In the second section, he discusses the Hartle/Hawking proposal for quantum cosmology. Their startling claim is that the universe, though having a finite age, has no beginning event, t=0; i.e., that the universe is finite but unbounded in the past. How should this result affect the arguments in Part I? To answer this, he first critically discusses the positions developed by Isham, Davies and Drees regarding the theological significance of the Hartle/Hawking proposal. Next he presents Hawking’s own theological views and offers a counterargument to them. Finally, his constructive position is that the Hartle/Hawking proposal, even if its scientific status is transitory, can teach us a great deal theologically. First, given their work, we should distinguish between the theological claim that creation is temporally finite in the past and the further claim that this past is bounded by the event, t=0. This leads to the important recognition that the first claim by itself is actually quite sufficient for creatio ex nihilo. Hence Russell says we can set aside arguments specifically over t=0 and yet retain the historical/empirical sense of the past temporal finitude of creation. Moreover, this insight, which he terms “finite creation without a beginning,” is valid whether or not the Hartle/Hawking proposal stands scientifically; thus it suggests that we can in fact work with “speculative proposals” at the frontiers of science instead of restricting ourselves necessarily to well-established results, as most scholars cautiously advise. He views this generalization of the meaning of finitude as an additional auxiliary hypothesis to our research program, and following Lakatos again, look for novel predictions it might entail and without which it would be ad hoc.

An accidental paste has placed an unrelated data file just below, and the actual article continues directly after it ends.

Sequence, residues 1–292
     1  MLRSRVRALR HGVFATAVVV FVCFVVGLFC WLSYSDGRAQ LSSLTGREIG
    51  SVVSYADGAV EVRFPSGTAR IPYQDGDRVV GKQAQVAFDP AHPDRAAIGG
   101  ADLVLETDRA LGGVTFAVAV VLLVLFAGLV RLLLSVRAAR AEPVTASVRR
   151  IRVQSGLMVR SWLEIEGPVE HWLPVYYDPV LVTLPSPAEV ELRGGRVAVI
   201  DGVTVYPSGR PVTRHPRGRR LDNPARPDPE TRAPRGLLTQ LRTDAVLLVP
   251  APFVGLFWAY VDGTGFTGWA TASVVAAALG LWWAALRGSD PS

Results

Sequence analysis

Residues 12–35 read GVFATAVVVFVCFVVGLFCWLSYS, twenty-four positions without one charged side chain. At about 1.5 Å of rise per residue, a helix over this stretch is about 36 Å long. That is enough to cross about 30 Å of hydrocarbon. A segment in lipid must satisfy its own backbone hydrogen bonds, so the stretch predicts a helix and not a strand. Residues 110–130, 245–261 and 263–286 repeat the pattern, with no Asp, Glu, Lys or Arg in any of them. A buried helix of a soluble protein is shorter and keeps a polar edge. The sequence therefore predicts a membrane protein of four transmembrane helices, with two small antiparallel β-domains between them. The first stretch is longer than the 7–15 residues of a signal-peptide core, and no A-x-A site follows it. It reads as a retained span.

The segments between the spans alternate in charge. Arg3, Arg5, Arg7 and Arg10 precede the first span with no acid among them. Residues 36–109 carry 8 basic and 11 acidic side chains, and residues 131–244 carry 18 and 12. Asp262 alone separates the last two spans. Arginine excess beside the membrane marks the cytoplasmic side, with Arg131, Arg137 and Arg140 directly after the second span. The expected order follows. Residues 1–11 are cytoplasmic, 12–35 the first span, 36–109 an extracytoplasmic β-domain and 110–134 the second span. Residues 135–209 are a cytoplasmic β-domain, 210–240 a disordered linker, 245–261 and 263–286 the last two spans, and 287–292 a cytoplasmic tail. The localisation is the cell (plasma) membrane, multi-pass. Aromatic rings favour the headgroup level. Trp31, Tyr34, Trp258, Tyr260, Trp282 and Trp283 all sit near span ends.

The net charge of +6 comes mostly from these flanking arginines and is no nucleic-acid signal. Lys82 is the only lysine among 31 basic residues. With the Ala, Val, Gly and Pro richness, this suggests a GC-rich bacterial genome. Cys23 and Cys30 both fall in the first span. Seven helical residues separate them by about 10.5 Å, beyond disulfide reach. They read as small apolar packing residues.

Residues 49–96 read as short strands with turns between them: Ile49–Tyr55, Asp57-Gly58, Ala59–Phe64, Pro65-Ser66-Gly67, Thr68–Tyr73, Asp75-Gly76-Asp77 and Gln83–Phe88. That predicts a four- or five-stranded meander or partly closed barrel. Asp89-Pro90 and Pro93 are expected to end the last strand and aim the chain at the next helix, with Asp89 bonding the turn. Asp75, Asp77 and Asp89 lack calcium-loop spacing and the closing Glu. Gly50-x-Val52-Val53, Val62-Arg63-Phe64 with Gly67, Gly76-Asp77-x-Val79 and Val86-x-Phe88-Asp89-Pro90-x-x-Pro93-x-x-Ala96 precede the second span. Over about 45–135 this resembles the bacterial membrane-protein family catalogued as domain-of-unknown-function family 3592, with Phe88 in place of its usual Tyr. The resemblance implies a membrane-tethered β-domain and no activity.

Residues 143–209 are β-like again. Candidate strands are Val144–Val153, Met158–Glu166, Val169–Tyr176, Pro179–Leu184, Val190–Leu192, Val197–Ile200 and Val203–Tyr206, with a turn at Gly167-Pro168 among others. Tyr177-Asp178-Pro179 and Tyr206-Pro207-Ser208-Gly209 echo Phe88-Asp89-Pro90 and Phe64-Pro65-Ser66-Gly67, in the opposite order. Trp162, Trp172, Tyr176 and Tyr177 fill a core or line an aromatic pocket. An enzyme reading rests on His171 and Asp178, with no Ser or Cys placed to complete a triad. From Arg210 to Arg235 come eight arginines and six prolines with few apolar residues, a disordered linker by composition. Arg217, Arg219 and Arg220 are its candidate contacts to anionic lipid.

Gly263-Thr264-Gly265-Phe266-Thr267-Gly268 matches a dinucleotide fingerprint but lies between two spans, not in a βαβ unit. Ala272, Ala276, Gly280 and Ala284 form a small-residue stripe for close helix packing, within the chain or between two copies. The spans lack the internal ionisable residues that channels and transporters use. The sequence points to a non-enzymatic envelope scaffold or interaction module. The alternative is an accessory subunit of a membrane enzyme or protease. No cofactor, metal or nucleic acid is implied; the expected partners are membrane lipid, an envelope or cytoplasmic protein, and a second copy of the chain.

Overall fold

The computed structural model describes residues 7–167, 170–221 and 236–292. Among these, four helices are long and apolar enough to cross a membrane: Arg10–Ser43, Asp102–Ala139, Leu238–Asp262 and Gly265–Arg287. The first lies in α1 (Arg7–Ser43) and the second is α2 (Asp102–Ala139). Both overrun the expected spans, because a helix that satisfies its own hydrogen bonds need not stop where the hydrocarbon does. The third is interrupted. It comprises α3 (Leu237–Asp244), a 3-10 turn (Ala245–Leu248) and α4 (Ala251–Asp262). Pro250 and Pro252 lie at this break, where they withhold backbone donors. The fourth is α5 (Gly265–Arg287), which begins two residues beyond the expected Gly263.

Thus, Russell analyzes the temporal status of the universe in terms of quantum gravity and general relativity. The variety of ways time functions here (external, internal, phenomenological) and their implications for the temporality of the universe lead to important new directions for understanding God’s action as creator and the doctrine of creation. From one perspective, the combination of quantum gravity and general relativity describes the universe as having domains of a temporal, of a timeless, and of a transitional character. Accordingly we must reconsider God’s relation as Creator to each of these domains. Here the generalization of the concept of finitude to include an unbounded finitude might allow us to claim the occurrence of the transition domain as a Lakatosian “novel fact” of our research program. From a different perspective, however, taken as quantum gravity the fundamental theory replacing general relativity. Here God’s relation to the universe as a whole will need to be reinterpreted in terms of the complex role and status of temporality in quantum gravity. In either case, God’s activity as Creator is not limited to a ‘first moment’ (whether or not one exists) but to the entire domain of nature, returning us to the general problem of divine action in light of science. Russell closes by pointing, then, to the need to rethink the current models of divine agency and of the relation between time and eternity in terms of a more complex understanding of temporality from a Trinitarian perspective informed by quantum physics and quantum cosmology.